Edging formed with upside-down wine bottles is a refreshing change. Cleverly and artistically involving recycled materials, this border would look great with bottles of any color!
A truly organic approach is to line your landscaping beds with fallen tree branches. Regular maintenance may be needed to keep things tidy, but the beautiful result is both earth- and wallet-friendly.
River Rock Mosaic
This gracious polished stone mosaic creates a sleek transition from walkway to grass. While it’s a custom treatment with a custom look, it’s one that any industrious DIYer could accomplish as well.
Clam It Up
Large, whole clam shells make a unique edge between grass and ﬂower beds. Sun-bleached and natural, this beachy border almost conjures up the ocean wind.
Repurposed steel pipes form an industrially inspired border of narrow, cylindrical planters that show off succulents in style. No need to worry about the age of your pipes: A rusted patina has earthy appeal and evokes a sense of history.
Dinner Al Fresco
An eclectic collection of dinner plates makes a whimsical and unexpected border for this mature garden bed. Anyone up for a picnic?
Turn your unused flower pots upside down for a bright, no-frills terra cotta border. Later in the season, when it's time to repot, the planters can be returned to service.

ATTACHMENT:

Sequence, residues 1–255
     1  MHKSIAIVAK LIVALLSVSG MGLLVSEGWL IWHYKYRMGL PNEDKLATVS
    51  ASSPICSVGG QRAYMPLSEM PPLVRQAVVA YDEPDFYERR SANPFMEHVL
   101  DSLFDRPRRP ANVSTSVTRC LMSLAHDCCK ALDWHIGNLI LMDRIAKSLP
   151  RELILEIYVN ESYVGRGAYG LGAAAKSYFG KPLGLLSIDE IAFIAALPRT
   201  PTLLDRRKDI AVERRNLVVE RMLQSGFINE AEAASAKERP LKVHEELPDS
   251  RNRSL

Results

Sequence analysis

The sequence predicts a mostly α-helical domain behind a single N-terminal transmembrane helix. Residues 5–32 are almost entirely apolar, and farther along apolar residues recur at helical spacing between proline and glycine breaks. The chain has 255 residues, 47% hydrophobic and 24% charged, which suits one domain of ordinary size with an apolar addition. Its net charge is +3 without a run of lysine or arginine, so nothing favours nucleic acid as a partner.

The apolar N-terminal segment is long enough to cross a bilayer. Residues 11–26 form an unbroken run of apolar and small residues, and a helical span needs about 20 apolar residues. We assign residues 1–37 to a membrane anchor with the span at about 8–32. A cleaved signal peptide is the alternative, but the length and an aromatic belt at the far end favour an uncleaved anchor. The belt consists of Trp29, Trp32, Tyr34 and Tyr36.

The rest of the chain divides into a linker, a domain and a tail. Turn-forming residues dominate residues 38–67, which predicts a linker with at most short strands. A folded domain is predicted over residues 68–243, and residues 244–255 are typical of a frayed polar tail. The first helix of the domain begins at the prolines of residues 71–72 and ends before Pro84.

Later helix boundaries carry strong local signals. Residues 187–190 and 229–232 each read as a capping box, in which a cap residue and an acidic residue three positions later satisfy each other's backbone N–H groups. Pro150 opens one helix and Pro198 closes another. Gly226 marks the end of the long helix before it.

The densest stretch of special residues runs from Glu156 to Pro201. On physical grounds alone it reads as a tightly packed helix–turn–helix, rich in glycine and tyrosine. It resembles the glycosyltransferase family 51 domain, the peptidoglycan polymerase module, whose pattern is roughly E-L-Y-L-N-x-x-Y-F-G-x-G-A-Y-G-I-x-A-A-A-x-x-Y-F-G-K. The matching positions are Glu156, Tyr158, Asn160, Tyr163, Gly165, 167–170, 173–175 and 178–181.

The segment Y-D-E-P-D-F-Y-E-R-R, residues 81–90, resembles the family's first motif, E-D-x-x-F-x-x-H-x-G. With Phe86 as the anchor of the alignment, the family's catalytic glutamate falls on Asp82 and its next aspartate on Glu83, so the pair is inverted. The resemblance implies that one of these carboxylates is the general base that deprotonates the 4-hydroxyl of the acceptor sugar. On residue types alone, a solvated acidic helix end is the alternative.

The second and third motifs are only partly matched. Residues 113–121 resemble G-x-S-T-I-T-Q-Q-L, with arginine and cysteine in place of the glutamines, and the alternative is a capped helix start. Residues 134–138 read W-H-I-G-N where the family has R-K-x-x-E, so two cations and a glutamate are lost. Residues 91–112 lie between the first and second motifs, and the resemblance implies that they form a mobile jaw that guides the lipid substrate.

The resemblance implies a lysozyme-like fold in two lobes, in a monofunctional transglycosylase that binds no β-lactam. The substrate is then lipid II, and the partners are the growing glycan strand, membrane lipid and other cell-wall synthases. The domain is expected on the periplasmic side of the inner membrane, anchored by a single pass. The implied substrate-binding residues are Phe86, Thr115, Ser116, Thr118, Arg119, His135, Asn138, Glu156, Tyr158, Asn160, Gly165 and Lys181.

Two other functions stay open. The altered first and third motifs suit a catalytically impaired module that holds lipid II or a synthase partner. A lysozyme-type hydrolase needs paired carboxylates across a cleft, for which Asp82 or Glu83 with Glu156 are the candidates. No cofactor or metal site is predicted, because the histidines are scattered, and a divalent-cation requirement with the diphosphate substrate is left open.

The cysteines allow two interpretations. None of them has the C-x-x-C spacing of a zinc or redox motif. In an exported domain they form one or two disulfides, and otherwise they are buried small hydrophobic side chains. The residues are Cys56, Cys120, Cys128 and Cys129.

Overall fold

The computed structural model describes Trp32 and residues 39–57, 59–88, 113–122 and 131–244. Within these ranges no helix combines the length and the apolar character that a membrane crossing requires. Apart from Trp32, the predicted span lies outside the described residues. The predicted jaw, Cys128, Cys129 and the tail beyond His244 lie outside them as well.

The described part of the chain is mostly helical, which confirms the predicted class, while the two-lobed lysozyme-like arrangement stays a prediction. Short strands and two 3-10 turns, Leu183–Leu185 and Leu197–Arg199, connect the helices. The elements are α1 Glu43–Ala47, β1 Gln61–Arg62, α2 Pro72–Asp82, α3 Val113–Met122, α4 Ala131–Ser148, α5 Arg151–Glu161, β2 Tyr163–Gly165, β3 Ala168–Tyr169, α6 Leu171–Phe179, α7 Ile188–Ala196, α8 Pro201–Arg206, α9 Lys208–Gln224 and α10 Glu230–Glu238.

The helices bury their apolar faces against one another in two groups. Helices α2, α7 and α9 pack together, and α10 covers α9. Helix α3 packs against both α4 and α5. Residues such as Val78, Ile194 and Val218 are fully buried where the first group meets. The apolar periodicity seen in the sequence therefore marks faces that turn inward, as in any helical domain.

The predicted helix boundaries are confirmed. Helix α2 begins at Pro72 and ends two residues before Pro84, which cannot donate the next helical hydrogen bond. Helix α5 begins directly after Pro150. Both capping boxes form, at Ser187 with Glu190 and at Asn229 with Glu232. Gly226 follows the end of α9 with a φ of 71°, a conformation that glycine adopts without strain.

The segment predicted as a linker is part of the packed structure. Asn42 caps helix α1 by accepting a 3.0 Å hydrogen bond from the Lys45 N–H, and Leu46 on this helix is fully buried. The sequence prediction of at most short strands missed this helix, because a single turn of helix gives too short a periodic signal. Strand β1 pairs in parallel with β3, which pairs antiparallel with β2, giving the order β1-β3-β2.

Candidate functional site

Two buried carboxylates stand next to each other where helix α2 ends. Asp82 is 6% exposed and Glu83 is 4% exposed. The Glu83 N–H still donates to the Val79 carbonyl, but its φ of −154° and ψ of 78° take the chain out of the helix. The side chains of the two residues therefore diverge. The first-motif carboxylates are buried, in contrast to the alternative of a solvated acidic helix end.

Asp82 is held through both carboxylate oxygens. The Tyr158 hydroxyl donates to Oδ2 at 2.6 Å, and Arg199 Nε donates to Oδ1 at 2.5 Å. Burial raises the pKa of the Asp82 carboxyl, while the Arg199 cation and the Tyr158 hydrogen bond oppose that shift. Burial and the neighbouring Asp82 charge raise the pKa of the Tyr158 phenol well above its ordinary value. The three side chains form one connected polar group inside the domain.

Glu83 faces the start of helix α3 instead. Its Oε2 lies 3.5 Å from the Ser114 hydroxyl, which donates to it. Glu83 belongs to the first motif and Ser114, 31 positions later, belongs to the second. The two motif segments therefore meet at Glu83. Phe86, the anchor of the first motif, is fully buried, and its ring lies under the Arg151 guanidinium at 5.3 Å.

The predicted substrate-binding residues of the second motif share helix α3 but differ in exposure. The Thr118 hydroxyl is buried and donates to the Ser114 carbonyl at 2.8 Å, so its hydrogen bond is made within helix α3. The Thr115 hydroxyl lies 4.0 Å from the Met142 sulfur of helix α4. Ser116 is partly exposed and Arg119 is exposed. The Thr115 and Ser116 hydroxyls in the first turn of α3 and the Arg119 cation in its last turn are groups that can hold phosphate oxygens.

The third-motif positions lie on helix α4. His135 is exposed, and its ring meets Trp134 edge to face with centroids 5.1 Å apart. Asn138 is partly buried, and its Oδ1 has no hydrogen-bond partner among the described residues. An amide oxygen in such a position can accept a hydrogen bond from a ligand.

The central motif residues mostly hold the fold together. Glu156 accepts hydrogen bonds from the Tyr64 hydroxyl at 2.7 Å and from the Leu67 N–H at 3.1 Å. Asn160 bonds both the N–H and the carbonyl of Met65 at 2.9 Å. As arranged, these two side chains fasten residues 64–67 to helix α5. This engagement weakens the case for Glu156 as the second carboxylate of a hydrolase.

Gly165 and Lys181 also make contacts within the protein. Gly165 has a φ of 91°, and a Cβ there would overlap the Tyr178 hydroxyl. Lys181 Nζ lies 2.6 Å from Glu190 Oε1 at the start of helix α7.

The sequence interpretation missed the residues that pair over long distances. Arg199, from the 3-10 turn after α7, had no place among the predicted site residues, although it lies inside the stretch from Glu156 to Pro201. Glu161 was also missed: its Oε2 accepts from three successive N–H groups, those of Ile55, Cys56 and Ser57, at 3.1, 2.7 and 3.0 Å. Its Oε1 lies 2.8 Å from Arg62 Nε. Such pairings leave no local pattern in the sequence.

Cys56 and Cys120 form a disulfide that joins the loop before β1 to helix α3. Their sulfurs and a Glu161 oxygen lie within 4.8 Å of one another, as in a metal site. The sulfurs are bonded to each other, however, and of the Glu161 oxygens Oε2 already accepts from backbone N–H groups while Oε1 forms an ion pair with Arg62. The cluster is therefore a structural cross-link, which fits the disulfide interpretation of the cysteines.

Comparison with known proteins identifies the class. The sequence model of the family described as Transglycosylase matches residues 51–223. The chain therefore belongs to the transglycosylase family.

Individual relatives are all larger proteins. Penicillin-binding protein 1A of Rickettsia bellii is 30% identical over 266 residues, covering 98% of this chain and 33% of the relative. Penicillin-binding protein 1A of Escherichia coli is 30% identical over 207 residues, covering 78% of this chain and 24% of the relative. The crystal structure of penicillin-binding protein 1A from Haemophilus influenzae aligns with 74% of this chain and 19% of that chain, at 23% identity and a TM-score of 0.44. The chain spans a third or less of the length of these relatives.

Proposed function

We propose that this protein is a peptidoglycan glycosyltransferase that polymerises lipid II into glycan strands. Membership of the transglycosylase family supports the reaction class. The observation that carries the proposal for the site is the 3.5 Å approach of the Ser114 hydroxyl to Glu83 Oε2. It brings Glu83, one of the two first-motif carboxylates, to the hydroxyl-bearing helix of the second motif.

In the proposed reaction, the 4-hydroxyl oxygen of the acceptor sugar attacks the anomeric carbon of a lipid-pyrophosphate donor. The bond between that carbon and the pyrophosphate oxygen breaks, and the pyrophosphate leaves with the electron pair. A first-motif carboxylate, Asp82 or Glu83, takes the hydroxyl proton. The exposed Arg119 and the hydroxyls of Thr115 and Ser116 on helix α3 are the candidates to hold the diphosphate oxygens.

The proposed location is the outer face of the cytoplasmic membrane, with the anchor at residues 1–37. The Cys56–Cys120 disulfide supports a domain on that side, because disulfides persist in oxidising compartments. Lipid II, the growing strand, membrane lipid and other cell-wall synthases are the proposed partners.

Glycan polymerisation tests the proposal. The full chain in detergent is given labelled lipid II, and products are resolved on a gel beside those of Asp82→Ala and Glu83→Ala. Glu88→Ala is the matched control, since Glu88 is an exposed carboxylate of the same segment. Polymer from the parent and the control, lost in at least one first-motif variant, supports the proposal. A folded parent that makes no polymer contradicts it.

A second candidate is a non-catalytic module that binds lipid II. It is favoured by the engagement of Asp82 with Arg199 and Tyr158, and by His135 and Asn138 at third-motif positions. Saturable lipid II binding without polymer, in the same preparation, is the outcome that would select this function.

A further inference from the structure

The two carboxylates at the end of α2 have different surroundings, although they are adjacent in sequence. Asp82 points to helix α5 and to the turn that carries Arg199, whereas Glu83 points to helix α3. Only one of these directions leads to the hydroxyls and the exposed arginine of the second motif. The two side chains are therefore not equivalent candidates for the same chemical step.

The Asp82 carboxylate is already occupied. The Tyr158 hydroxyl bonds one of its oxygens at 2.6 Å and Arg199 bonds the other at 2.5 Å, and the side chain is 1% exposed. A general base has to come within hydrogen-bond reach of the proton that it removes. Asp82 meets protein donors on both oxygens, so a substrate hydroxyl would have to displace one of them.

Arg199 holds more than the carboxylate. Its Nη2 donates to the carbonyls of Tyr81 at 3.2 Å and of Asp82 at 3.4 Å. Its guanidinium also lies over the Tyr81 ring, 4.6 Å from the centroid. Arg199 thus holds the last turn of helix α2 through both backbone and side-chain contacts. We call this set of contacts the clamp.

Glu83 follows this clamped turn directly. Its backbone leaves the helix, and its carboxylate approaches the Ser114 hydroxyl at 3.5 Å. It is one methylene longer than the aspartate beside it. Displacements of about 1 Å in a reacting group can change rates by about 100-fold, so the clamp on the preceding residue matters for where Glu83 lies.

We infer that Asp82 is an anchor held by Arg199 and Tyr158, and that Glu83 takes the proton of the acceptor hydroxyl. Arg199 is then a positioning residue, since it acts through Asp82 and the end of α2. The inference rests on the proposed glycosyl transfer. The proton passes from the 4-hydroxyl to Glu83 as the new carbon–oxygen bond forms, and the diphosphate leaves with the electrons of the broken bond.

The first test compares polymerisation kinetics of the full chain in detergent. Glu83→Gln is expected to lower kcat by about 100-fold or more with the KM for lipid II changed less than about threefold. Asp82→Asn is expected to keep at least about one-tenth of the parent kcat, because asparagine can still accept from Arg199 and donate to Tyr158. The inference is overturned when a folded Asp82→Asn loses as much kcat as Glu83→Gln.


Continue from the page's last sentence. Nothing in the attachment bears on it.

Cinder blocks define a simple, geometric edge between driveway and plantings. For good drainage, keep the holes facing out, or you can turn them up to make a series of mini planters.
Staggered-height bamboo lends a Zen-like effect, plus the plant's fast rate of growth makes it a sustainable resource, not to mention an economical one. Oh, and it looks great, too!
At the Forest's Edge
Now that winter has passed, try turning your leftover wood logs into a dramatic raised border. Birch logs, shown here, offer a stunning contrast to surrounding greenery.
Reclaimed wood, cut to various lengths, can artfully punctuate your garden beds. Even small scraps are enough to incorporate. Weathered, stained or painted, it brings a playful feeling to your plantings.
Woven wattle fencing has had popularity for centuries in Europe. It lends a rustic charm to a landscape or garden border. Made by weaving thin branches (most commonly willow or hazel wood) through stakes, it forms a latticework that is all natural and earth-friendly.
A purposefully planted border of herbs or ﬂowers can make an outstanding landscape border. You’ll want to make sure it is something that grows neatly, or can be kept that way. This herb border makes a stunning separation between a mulched bed and sand garden path.
A stacked stone landscape edging offers agrarian charm for minimal effort. With no mortar required for borders less than 18 inches high, it’s a look that can be easily achieved by a DIY beginner who doesn’t mind the lifting and carrying of the stones.
Big river rock has a natural and informal look, and is easy to install. Its cottage feel is enhanced by growing stone-loving plants, like sedum and thyme, in and around it.
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